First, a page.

Allotment Loans for Government Employees: 8 Lenders Listed

Allotment loans for government employees are out there. These include Army Emergency Relief, Air Force Aid Society, BMG Money, Federal Employee Education & Assistance Fund, Kashable, P2P Military Loans, and PostalLending.com. We have what you need to know about allotment loans for government employees and details on available lenders.

In This Article

What to Know About Allotment Loans for Federal Employees

There are two different types of allotment loans for federal employees: discretionary and non-discretionary. A discretionary allotment loan is one in which you designate a certain amount of your paycheck to be automatically taken out and used for another purpose (think: a mortgage, retirement account, etc.). You can stop or start this allotment payment at any time. A non-discretionary allotment loan is similar in that a certain amount of your paycheck is automatically designated for another purpose; however, you won’t be able to start or stop the allotment whenever you want. Meaning, if you sign up for a non-discretionary allotment loan, a certain amount of your paycheck will go toward that loan until it’s paid off.

This type of loan is often called an “allotment loan,” but, in actuality, it’s an allotment plan between you and a lender. Allotment plans are easier for federal employees to qualify for — even if you have bad credit — since the lender is guaranteed payment as long as you’re employed by the federal government. The allotment payment will be divided between your paychecks; if you’re paid twice a month and you have a $200 allotment, $100 will be taken out of each paycheck. Keep in mind that if you quit or are fired from your federal job, you will still be required to repay the loan and you’ll need to notify the lender of your change in employment status.

Where to Get Allotment Loans for Government Employees

The following is the list of places that offer allotment loans for federal employees. Some lenders only work with employees in specific federal jobs, such as postal workers. We list the terms and requirements for each lender below.

Army Emergency Relief (AER)

  • Loan limit: None
  • Terms: Vary, depending on the individual loan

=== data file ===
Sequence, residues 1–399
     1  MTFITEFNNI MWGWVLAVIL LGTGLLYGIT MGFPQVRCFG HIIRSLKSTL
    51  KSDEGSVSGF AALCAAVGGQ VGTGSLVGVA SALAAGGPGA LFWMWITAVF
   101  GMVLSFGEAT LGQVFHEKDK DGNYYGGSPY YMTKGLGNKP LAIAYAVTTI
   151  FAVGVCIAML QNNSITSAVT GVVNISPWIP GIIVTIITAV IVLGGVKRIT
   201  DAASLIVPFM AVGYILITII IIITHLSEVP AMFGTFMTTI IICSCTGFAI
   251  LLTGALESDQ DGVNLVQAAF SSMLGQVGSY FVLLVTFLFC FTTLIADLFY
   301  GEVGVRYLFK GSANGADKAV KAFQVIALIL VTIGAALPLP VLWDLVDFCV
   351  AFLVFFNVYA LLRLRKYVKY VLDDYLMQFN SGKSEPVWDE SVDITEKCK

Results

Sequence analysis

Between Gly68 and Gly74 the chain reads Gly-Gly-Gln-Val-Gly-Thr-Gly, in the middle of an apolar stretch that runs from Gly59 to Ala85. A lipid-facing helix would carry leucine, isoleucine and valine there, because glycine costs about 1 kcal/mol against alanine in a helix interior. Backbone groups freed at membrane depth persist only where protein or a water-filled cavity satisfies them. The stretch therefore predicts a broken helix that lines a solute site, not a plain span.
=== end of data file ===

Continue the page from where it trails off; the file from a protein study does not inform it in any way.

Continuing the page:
• Rates: There is no APR on AER loans
  • Requirements: Must be active-duty military or a dependent, retired military, or widow/widower or child of a military member who died on active duty or while retired. Must provide paperwork proving the need for relief.
  • Credit check required? No
  • Apply for an Army Emergency Relief allotment loan online

Air Force Aid Society (AFAS)

  • Loan limit: No limit for Standard Assistance loans; $1,000 limit on Falcon loans
  • Terms: The typical term for a Standard Assistance loan is 12 to 24 months; three to 12 months for a Falcon loan
  • Rates: There is no APR on AFAS loans
  • Requirements: Must be active-duty military or a dependent, Air Force Reservists or Air National Guard on active duty, or widow/widower or child of a military member who died on active duty or while retired. Must provide paperwork proving the need for relief.
  • Credit check required? No
  • Apply for an Air Force Aid Society allotment loan online

BMG Money

  • Loan limit: $100 to $35,000
  • Terms: Vary, depending on the loan amount
  • Rates: 24 to 32% APR
  • Requirements: Must be at least 18, not declaring bankruptcy, not in the military, and a current federal government employee employed at least one year
  • Credit check required?: No
  • Apply for a BMG Money allotment loan online

Federal Employee Education & Assistance Fund (FEEA)

Kashable

P2P Military Loans

  • Loan limit: $1,000 to $40,000
  • Terms: Vary, depending on the individual loan
  • Rates: APR ranges from 6 to 35.64%
  • Requirements: Must be an active-duty military member or dependent, retired military or dependent, or member of the Reserves or National Guard
  • Credit check required? Yes
  • Apply for a P2P Military Loans allotment loan online

PostalLending.com

In Summary

There are a number of allotment loans for federal employees. Certain lenders cater to a specific type of worker, such as military or postal employees. An allotment is taken directly from your paycheck, thereby reducing the risk to the lender. This means that if you have bad credit or no credit, you may still be able to qualify for an allotment loan. However, be aware that if the allotment loan is non-discretionary, you won’t be able to start or stop the allotment at any time — and if you lose your federal job, you’ll still be responsible for paying back the loan.

For more loan options, see our list of installment loans for federal employees, list of loans for federal employees with bad credit, and our article on what to do if you keep getting declined for loans.

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